7.  Urges the HR/VP and EU Member States to include references to UNSC resolutions 1325 and 1820 in CSDP related Council Decisions and mission mandates and to make sure that all CSDP missions have at least one Gender Advisor and an Action Plan on how to implement the objectives of 1325 and 1820; urges HRVC, EU Member States and Heads of Missions to make cooperation and consultation with local women’s organisations a standard element of each mission;

8.  Calls for the establishment of adequate public complaint procedures which would particularly help reporting sexual and gender-based violence; calls on the HR/VP to include detailed reporting on women, peace and security in the six-monthly evaluation of CSDP missions;

9.  Recalls the mass gang rape that took place from 30 July to 4 August, in the eastern Congo mining district, that at least 8300 rapes were reported last year in eastern Congo and that at least 1244 women reported being raped in the first quarter of 2010, which is an average of 14 rapes per day; urges both EU missions in RD Congo, EUPOL RD Congo and EUSEC RD Congo to make the fight against sexual violence and the participation of women one of its priorities in the context of the effort to reform the Congolese Security Sector;

10. Stresses the importance of the EU appointing female police forces and soldiers in CSDP-missions on a larger scale; the contingent of female police officers within the UN-peacekeeping force in Liberia could be used as a model;

11. Points to the need for establishing a code of conduct for the EU’s personnel serving in military and civil missions which condemns sexual exploitation as criminal behaviour;

12. Calls for the implementation of UNSCR 1325 and 1820 in the EU’s country strategy papers and to mobilise more financial support for the participation of women from conflict-affected countries in European processes; calls on the HR/VP, the Commissioners for Development, Enlargement and Humanitarian Aid to make women, peace and security aspects an integral part of the planning and programming of the external financial instruments such as EIDHR, ICI, IPA, but especially DCI and IfS;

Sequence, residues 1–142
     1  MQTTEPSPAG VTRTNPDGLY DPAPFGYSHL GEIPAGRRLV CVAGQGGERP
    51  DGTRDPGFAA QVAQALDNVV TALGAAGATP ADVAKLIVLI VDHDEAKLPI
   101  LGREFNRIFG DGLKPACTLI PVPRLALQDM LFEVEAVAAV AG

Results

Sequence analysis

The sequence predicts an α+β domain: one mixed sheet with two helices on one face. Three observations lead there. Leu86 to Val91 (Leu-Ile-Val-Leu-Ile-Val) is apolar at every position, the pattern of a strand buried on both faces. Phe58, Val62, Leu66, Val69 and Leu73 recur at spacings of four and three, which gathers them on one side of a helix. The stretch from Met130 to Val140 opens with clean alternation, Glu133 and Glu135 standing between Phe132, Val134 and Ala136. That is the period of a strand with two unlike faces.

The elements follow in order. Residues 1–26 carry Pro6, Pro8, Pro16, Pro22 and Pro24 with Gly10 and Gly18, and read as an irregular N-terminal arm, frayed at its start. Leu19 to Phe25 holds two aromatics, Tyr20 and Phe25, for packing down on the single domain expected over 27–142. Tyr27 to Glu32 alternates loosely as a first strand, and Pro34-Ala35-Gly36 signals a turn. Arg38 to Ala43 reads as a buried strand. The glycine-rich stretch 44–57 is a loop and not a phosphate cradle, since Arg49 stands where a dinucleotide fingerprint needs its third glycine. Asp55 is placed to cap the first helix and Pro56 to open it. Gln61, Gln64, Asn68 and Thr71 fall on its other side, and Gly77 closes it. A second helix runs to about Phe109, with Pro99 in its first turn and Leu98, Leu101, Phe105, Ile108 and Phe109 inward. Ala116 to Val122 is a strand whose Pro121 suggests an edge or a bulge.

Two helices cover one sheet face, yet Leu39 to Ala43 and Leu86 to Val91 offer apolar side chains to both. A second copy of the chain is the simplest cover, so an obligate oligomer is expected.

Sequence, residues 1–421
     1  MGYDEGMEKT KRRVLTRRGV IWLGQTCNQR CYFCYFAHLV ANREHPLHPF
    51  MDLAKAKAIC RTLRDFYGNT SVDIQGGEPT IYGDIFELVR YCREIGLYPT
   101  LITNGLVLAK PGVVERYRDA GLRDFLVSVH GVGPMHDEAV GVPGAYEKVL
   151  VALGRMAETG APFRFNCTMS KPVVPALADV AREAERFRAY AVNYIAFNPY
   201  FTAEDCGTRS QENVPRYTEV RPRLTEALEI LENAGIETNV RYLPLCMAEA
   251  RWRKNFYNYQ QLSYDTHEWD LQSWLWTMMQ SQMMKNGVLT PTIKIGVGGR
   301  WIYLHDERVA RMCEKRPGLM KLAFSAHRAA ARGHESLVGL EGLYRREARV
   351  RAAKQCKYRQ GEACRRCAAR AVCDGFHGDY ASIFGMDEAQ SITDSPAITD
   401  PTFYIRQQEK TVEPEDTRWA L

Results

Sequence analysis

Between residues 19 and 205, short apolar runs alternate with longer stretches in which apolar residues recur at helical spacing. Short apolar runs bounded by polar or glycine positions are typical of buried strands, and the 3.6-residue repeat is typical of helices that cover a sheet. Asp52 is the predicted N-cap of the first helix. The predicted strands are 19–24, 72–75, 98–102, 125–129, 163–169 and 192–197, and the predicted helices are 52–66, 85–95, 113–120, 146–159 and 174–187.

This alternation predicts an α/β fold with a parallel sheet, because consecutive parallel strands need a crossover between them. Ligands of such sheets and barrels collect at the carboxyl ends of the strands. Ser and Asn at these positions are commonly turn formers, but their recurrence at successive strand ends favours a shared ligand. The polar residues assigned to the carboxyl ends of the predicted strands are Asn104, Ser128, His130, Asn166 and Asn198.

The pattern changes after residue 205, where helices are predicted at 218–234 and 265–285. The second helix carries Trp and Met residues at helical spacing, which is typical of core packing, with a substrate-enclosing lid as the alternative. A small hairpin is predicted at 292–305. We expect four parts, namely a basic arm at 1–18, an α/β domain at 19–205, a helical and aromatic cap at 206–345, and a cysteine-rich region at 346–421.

13. Emphasises that the European Commission should facilitate the access of smaller NGOs to subsidies of the European Instrument on Democracy and Human Rights (EIDHR); recalls that at present many small women’s organisations find it difficult to deal with the complex application procedure;

14. Calls on the Commissioner for development to prioritise support for work by women’s organisations in conflict-affected areas; urges the HR/VP to use the long term component of the Instrument for Stability (IfS) for allocating funding in support of women’s participation in peace, security and reconciliation-related processes and to systematically earmark allocations for women, peace and security in all short-term measures financed under Art. 3 of the Instrument for Stability;

15. Takes the view that EU delegations should inform civil society organisations such as local women’s organisations about their engagement in conflict regions and consult civil society organisations in the process of policy-planning;

16. Calls for an increase in participation by women in initiatives aimed at finding solutions to conflicts, including as mediators, negotiators and in the implementation of conflict-resolution measures;

17. Calls on the HR/VP to initiate an annual event with women leaders which could complement the UN Global Open Day for Women and Peace followed by EU Delegation reports and follow-ups;

18. Stresses the need for national action plans which should provide details on the time frame of the national strategy, mark realistic objectives, develop supervising mechanisms as well as encourage the participation of women in control-, evaluation- and supervising-mechanisms;

19. Instructs its President to forward this resolution to the Council, the Commission, the Vice-President of the Commission/High Representative of the Union for Foreign Affairs and Security Policy, the governments and parliaments of the Member States, the UN Special Representative on sexual violence in armed conflicts and to the newly appointed Head of the UN Gender Entity (UN Women).

Last updated: 24 November 2010Legal notice